Ending poverty with blockchain, the business school that rejects sustainability, and solar software
As the Director of Sustainability at the Smeal College of Business, it is my responsibility to keep my mind constantly steeping in a solution of: 1 part business, 1 part technology, and 1 part each of environmental and social impact, including emerging science, news and events. (Stir together and steep for years until it reaches desired level of understanding).
In "That's News to Me" I share what I am reading with the growing Triple Bottom Lion community. The current books I am reading FEARLESS FACILITATION by Cyndi Maxey and Kevin O'Connor and LET THERE BE WATER by Seth Siegel.
Recently a board member shared privately an observation that improved technology most serves to make the rich richer. Blockchain is new and people claim it will solve everything from climate change to the common cold. The devil waits in the details and in the results. However, there is some interesting work being done to understand how the open ledger-technology might improve economic equality.
"For a long time, Western economists failed to appreciate the relationship between private property rights and economic development...[We now know] the road to economic development runs through the county clerks office at the local court house.
If blockchain technology can empower public and private efforts to register property rights on a single computer platform, we can share the blessings of private-property registration with the whole world."
Image credit: parents.wfu.edu
I have set up a Google Alerts to track sustainability news in business schools. This headline grabbed my attention. The Wake Forest experience is not necessary unique, but it provides a poignant case study. Business is at a crossroads and clearly will continue to be governed by neo-classical economics while being stretched to include longer-term consequences, costs and risks. Of course there will be resistance. Some resistance is warranted. Some attempts to integrate sustainability can be ill-conceived, non-strategic pet projects. In the end, we face not opinion or ideology but the veracity of chemistry, physics and biology; that is, the simple limits and laws of nature on a planet with finite resources and billions of mouths to feed.
"Wake Forest prides itself on its Pro Humanitate motto and its commitment to leaving the world better than we found it. Departments across the university — from biology to dance — embrace the integration of sustainable education in the classroom. But, one division on campus, the School of Business, has largely opted out.
'We don’t think long-term,' said Wake Forest Professor of Marketing Michelle Steward, explaining that arming students with business professional skills is the more immediate focus. 'We’re thinking breaking news. [The environment] is your grandchildren’s problem.'"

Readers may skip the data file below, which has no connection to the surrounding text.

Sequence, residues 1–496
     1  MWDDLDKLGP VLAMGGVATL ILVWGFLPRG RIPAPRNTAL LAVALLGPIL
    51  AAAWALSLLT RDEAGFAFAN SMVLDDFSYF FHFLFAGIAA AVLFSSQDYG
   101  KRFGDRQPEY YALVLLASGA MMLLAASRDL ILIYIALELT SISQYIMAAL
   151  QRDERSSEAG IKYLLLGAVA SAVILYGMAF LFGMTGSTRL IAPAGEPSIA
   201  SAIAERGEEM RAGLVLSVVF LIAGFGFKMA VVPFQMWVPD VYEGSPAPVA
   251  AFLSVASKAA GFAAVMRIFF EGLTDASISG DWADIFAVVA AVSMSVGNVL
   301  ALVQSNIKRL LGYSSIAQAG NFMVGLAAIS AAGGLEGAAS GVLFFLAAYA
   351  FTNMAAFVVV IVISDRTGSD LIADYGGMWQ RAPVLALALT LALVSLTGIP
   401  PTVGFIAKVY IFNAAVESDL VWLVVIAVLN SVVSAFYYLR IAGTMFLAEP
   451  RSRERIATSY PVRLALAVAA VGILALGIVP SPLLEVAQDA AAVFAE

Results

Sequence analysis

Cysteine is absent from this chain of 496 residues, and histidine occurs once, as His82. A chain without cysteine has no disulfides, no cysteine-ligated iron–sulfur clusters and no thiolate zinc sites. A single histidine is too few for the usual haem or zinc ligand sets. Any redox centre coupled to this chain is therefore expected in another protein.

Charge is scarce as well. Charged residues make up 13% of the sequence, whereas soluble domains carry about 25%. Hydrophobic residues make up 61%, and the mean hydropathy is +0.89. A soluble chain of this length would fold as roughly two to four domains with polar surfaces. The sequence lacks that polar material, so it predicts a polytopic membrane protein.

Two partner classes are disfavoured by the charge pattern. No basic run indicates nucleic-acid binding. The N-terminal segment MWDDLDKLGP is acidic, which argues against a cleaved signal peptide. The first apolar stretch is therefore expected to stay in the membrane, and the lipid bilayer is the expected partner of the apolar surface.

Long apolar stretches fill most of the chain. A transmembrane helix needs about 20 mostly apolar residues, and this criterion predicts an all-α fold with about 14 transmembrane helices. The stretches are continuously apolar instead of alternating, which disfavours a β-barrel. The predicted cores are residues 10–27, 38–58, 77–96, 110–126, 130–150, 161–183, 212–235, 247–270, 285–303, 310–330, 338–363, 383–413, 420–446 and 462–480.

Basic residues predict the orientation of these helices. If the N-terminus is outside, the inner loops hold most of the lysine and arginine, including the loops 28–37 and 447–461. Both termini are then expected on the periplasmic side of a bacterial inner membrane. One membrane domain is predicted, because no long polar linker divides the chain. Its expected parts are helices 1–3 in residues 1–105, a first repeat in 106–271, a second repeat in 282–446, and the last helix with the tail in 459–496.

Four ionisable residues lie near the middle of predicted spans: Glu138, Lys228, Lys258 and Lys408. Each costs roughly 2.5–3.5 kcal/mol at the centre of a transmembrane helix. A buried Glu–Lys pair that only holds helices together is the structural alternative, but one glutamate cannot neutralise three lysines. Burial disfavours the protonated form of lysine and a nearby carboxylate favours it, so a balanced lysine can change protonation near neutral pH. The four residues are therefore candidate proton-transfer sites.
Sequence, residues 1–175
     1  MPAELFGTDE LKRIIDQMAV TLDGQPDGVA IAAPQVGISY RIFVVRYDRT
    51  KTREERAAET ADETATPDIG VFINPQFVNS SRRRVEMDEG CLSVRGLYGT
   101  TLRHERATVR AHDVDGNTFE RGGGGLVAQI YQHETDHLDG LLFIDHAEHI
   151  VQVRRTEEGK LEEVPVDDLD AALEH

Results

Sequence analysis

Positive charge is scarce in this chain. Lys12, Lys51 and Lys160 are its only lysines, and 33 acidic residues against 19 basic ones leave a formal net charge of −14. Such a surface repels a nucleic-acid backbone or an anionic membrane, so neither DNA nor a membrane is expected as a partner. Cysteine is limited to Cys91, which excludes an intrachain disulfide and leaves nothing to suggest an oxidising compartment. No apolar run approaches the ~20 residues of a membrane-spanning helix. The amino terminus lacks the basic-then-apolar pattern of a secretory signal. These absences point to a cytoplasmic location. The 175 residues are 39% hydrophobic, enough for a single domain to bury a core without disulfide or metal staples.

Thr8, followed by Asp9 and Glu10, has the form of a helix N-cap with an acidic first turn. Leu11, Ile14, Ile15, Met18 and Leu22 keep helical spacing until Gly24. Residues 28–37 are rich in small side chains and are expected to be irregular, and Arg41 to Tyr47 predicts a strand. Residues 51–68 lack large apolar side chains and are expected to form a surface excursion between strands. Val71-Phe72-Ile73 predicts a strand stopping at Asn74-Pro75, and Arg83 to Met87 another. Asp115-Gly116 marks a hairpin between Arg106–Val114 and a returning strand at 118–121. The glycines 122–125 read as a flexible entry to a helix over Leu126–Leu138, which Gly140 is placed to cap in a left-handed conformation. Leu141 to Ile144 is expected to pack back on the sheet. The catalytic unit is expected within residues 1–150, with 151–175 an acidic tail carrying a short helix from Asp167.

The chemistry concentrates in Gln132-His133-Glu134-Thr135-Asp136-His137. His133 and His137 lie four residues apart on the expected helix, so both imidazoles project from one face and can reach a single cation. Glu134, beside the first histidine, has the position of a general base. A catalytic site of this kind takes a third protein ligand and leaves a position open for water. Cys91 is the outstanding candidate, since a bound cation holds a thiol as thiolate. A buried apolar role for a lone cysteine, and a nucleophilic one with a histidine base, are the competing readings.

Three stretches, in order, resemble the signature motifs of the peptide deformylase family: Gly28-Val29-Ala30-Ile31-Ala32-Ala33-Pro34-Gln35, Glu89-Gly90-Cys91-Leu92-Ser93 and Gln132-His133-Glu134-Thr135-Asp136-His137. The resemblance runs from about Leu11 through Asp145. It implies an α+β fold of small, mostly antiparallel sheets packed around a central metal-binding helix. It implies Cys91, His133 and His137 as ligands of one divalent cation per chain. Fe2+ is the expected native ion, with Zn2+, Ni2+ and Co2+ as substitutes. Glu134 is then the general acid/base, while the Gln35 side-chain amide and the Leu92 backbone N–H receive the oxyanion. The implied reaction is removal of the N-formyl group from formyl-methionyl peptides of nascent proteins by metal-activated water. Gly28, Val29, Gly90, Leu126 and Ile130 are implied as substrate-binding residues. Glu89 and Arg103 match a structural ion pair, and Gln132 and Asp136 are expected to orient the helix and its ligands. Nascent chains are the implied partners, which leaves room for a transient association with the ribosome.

Rankings in any industry can be nauseating. The metrics used are often "vanity metrics" and serve mainly to measure inputs and outputs, not outcomes and actual impact. Despite their failings, I find them helpful for our own benchmarking purposes. As the saying goes: "You should find out all you can do. Even though you won't be able to do all you find out." Benchmarking and using rankings is a good way to find out all we can do.
"Sustainability has become one of the hottest topics in business.
Business world interest in issues such as climate change and renewable energy has soared, which has dramatically increased the importance of sustainability in every MBA curriculum.
Younger generations are especially eager to learn how to flex their business skills in ways that won’t harm, or may even help, the earth and its inhabitants.
Some of these criteria are expected, such as curriculum, reputation, and faculty, but it's also essential that prospective b-schoolers apply a critical lens to the ways in which schools engage with their local communities. Not to mention other 'hands-on' opportunities that the programs provide in the realm of sustainability.
Here's 11 of the best US business schools for sustainability."
Exciting to see the creativity continuing to poor into the renewable energy industry. For years we have known enough energy hits the earth in one hour to power humanity for a year....but how to capture and use it well, at the right price, and with the right business model has been the question.
Raptor Maps. Inspections of installations takes time and money. Raptor Maps uses machine learning to automate the analysis of PV system drone imagery.
Pick My Solar. Recognizing the frustrating purchasing experience of many customers, Pick My Solar built the industry's first residential solar and storage industry's first managed marketplace.
Energetic Insurance. Some solar projects fail not because of technological feasibility but the financing falls apart. This year, Energetic Insurance, will launch it's initial offering: a credit wrap insurance policy called EneRate. EneRate permits unrated offtakers to transfer credit risk to the insurer.